Re:Head transplantation done.

Brian D Williams (
Tue, 4 Nov 1997 10:43:29 -0800 (PST)

>From a posting on Cryonet:

Several excerpts from the 11-2-97 London Sunday Times follow:

"Monkeys are given head transplants

by Lois Rogers
Medical Correspondent

SURGEONS have transplanted monkeys' heads on to fresh bodies,
paving the way for a new era in human transplant technology.
By maintaining the brain stem, which deals with reflexes such as
breathing, heart function and digestion, the research team has been
able to keep the new brain supplied with fresh, oxygenated blood.

A series of experiments involving up to 30 animals has allowed
surgeons to perfect a technique of minimising loss of blood supply
to the heads during severance operations.

The researchers also believe there was little disturbance to the
monkeys' higher brain functions as a result of the procedure.

The animals were able to maintain the cycle of waking and sleeping.
They were capable of visually tracking laboratory staff and could
react to voices and noises.

Their facial nerves were still operational and they could eat and
drink normally. When a member of the team put a finger into an
experimental animal's mouth when it seemed irritable, he was
bitten. "....

"The latest developments in the 20-year project, including the
vital step of achieving respiration in the transplanted heads, have
been reported in an American scientific journal by Robert White,
professor of neurosurgery at Case Western Reserve University in
Cleveland, Ohio.

White believes the technology will benefit people facing
multi-organ transplants because of serious injury to their bodies;
sufferers of degenerative diseases, and ultimately those who want
a new lease on life by transferring an old head onto a younger

"I have devised the operation that would need to be done in
humans," said White. "I have been to autopsy rooms and dissecting
rooms and examined the sort of incisions which would have to be
made, and at what level, and how the various vessels would need to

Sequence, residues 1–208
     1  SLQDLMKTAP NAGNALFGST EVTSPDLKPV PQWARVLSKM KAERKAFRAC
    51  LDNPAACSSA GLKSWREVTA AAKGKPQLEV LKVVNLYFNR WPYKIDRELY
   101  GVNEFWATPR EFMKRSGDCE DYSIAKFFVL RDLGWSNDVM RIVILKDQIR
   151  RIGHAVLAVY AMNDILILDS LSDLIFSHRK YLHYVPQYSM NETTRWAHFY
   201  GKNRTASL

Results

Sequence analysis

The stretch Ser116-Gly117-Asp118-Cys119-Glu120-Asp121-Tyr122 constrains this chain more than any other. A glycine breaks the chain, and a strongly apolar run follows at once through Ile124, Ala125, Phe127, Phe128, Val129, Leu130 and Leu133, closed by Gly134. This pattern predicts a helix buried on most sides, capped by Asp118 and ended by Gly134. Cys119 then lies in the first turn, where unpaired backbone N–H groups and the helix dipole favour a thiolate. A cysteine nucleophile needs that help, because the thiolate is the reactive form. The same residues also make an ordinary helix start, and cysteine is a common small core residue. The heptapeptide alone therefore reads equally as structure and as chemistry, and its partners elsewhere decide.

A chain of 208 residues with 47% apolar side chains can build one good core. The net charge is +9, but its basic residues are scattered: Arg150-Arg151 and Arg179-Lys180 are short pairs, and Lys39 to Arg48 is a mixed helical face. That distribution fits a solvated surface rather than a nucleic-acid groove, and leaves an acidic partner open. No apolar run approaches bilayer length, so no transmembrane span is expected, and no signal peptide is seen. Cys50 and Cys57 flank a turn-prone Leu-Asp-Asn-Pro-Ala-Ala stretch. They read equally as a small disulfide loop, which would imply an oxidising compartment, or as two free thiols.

be reconnected.

"We are talking about an operation that could be done on humans.
Whether it should be done is another question."

So far the bodies pumping blood through the transplanted brains
have remained completely paralysed because researchers have been
unable to reconnect the nerve fibres from the spinal cord in the
body to the brain.

The brains can think and are conscious, but cannot communicate with
the limbs. "I have no doubt this treatment will be available in the
public arena within the next 25 to 30 years," White said. "There
will be a lot of ethical and moral arguments, but I think they are
inappropriate. What we are trying to do here is to prolong life.
The human spirit or soul is within the physical structure of the
brain. I don't think it's in your left arm or anywhere else."

However, he admitted the definition of brain death would have to be
altered to allow bodies, possibly those in a persistent vegetative
state in which there was still some brain stem activity, to be used
as donors." ....

"Peter Hamlyn, a leading neurosurgeon at St Bartholomew's Hospital
in London, who helped set up the British Brain and Spine
Foundation, said the work was cruel and irrelevant. "...
[comment: and penning animals for life in order to slaughter them
is not, I suppose?]...

"Your head might as well be in a jar as attached to another body.
The fact that it is tied to a body acting simply as a pump would
just be an inconvenience because you would have to drag the body
around. [comment: he completely ignores the fact that successfully
reattaching the spinal column may well be only a matter of time and

"There might be a few cranks who would want it done, but for normal
people the whole point of having a brain is that it interacts with
the body," he said.

Other ethicists and theologians are worried that the technology
could be exploited for cosmetic life extension. [ comment:
"cosmetic life extension"? Sounds like an oxymoron to me]

"It is indicative of the disastrous route that Western medicine is
taking," said Richard Nicholson, editor of the Bulletin of Medical
Ethics. "Is any individual so important to society that we should
tolerate attempts to lengthen their existence in a way which most
people would find abhorrent?"

David Jenkins, the former Bishop of Durham, said he was concerned
by the social trend represented by head transplant research. "I do
get more and more alarmed that people refuse to see limits. To try
to put a head on a different body would be totally destructive of
the personality. I would sooner be totally dead than half and